Back in 2011, Netherlands-based Paul Hanraets started a brand new company called Gambitious.
This was initially an investment platform designed to connect developers with a network of investors. The organisation started to include publishing in its line-up of services in 2014 with the launch of the highly successful Train Fever.
But last month, the company underwent a total rebrand. What emerged was Good Shepherd Entertainment, an organisation that is simultaneously an investor network and publisher for the indie space.
This new name was in part to make the new hires the firm made feel like the company they were working for was as much there’s as the founders of Gambitious.
Hanraets has been appointed president, while Devolver Digital co-founder Mike Wilson has joined as chief creative officer – Devolver remains Good Shepherd's biggest stakeholder, too. Meanwhile, Ben Andac, formerly dev relations at Sony, joins as business and product developer.
The games space is new for a lot of investors, but Good Shepherd is hoping to not only bring new sources of money into the sector; but to keep them spending.
“Games are new territory for a lot of investors,” Good Shepherd founder and president Hanraets explains.
“We are opening up games to companies that normally invest in entertainment such as film. What I'm noticing is that those investing tend to be around our age, so they're gamers themselves. It's difficult and exotic to talk to them about investing in the games industry. There's a lot of education that still needs to be done on how the games industry works and the mechanics.”
He continues: “Globally speaking, access to funding and capital is still the biggest problem facing indie developers. That's a problem we are trying to solve. I know it's a less sexy topic, but we are really trying to give investors a positive experience so they will reinvest their money, be it in our projects or someone else’s.”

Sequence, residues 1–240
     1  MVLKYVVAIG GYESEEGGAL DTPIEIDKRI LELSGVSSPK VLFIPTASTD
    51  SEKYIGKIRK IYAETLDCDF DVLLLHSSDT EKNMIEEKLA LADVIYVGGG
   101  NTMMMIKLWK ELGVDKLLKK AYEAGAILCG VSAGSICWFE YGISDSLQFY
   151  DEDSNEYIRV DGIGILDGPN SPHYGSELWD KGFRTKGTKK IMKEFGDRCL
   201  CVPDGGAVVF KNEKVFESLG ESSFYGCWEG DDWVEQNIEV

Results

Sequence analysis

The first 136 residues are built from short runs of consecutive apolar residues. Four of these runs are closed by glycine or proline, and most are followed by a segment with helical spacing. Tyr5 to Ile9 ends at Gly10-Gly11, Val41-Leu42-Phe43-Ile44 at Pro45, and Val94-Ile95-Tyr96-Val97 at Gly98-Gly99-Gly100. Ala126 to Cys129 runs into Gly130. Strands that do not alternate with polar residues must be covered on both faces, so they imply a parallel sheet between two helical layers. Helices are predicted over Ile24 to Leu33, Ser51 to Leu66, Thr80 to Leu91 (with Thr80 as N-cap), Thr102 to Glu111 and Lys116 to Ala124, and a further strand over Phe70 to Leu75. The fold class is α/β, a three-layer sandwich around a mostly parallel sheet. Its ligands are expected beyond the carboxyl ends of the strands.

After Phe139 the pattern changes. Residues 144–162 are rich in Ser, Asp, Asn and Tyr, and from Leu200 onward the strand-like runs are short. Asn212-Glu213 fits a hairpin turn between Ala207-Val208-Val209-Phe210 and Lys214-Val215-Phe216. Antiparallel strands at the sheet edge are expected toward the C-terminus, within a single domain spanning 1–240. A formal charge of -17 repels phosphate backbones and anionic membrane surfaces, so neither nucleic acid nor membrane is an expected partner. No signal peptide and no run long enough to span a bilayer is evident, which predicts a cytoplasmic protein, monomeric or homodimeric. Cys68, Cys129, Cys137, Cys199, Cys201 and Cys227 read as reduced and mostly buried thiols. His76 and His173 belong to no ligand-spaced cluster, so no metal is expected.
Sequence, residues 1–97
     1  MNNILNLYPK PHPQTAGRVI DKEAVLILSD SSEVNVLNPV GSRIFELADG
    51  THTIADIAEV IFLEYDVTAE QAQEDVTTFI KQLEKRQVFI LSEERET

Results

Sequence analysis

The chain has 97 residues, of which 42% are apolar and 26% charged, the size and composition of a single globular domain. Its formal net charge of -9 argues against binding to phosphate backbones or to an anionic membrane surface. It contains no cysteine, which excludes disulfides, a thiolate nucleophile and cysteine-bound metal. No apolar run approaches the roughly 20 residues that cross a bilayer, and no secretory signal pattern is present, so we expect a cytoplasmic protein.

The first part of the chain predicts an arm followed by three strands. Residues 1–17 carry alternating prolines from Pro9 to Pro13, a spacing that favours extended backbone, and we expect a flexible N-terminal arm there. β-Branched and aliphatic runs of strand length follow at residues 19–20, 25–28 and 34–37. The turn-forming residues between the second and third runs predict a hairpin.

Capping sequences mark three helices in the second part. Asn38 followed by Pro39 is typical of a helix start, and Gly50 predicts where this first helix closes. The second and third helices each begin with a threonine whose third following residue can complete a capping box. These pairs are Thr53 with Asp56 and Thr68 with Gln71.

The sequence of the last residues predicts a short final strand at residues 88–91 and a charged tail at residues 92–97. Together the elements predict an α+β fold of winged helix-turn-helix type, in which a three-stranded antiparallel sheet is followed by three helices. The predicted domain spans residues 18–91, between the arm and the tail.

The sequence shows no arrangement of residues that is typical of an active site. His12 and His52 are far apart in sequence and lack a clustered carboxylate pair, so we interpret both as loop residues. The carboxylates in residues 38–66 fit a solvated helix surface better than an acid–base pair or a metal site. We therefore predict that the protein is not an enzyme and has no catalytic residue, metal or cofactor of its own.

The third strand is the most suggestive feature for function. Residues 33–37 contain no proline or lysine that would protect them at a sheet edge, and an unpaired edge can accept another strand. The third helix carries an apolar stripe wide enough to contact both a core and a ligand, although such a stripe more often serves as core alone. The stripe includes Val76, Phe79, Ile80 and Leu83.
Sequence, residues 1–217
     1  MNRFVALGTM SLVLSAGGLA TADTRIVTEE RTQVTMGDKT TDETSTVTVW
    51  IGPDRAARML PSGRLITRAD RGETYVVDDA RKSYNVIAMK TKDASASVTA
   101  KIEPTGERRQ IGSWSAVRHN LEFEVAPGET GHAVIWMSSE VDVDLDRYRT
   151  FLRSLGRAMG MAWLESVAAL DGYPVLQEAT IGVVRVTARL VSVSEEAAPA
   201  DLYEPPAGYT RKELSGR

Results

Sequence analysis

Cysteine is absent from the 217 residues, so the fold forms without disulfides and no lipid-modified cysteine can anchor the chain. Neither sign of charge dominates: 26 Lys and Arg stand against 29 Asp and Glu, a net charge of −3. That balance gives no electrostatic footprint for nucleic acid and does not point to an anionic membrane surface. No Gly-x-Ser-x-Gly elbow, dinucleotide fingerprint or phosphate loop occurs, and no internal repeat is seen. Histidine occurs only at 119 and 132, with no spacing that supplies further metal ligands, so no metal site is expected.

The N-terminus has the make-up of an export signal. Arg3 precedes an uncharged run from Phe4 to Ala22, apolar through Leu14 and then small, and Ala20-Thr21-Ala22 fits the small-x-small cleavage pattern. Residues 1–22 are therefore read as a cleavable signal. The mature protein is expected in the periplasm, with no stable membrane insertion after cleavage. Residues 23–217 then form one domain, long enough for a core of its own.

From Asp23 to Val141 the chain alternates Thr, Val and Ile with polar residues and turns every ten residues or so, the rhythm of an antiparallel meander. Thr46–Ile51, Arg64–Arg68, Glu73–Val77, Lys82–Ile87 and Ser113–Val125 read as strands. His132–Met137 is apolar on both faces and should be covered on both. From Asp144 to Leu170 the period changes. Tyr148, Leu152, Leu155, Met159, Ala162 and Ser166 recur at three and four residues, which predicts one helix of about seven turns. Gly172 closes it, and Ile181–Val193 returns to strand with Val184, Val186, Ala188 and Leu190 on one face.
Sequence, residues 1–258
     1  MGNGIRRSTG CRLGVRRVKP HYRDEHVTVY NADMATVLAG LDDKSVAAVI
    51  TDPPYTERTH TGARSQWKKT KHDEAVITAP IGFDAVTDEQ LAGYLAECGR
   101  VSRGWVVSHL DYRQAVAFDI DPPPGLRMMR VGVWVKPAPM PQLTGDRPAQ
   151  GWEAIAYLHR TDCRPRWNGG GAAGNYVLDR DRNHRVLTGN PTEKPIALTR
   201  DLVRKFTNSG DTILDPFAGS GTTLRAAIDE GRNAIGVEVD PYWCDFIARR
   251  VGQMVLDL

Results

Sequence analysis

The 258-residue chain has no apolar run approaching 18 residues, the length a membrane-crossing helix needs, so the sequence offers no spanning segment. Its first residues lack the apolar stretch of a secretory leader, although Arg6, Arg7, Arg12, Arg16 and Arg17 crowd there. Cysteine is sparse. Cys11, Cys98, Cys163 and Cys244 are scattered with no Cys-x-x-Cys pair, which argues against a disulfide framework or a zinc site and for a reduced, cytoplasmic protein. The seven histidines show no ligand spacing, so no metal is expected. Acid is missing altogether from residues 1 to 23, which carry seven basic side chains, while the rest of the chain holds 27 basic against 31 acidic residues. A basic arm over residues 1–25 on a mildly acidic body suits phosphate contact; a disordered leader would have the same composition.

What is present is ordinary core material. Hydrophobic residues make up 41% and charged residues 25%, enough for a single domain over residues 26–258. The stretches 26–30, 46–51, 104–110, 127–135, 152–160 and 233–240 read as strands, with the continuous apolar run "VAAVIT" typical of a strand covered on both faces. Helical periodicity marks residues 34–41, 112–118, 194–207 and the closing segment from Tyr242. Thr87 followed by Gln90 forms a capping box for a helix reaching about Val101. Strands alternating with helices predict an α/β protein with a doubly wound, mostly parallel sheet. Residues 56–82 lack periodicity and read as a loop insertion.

Wilson adds: “Entertainment is notoriously dangerous to invest in and for good reason. The biggest reason is that people's money hasn't been respected. Most of my friends are artists; I'm an independent film maker as well. I see over and over again, artists look at getting funding – be that through a publisher or a VC – as an obstacle to overcome. Once they achieve it, they say ‘thanks' and they're off to make their thing.
“People investing in a film or an album or a game are looking to have a different experience than investing in something safer. Because my partners and I are investors, and have a lot of experience of working with developers, we have a unique perspective that investors need to have a good time, too, so they keep coming back. I don't feel like a lot of artists think in that way because they haven't been on the other side of the table. That's why we're going to do well, that's why we've done well so far. We have a little over 100 investors so far that are mostly very happy and have had a very good experience.”
It’s no secret that the indie publishing space is notoriously busy right now – there seems to be a never-ending stream of publishers and companies entering the sector.
Andac has spent a long time in publishing, most recently in the Strategic Content team over at Sony Interactive Entertainment, and feels that though publishing has evolved with the rise of digital downloads, it hasn't changed enough.
“The publishing space has moved on massively over the past ten years,” he explains.
“The role of the publisher has historically not been very strong; the relationship didn't really exist, it was very dom-sub. That's the only analogy I can think of. People didn't trust each other and people weren't treated well. What we have seen with the tools opening up, with the route to platform holders opening up a bit, their curation is no longer an obstacle that you have to get over, it's a much more open environment.
“As a result of that, the options and dialogue that people have and the kind of relationships and business terms they can get are much better. A side product of that is that digital publishers have come into play. They've removed the physical retail element from the equation. They have focused on digital as that has become a bigger market for everyone, and they are really helping that space grow. The landscape has changed massively because of that. But what hasn't changed is that these publishers – be they digital-focused or not – have approached developers with good terms, but they are offering the same services – QA and localisation, marketing and PR support, ratings and so on. That's good but everyone does that."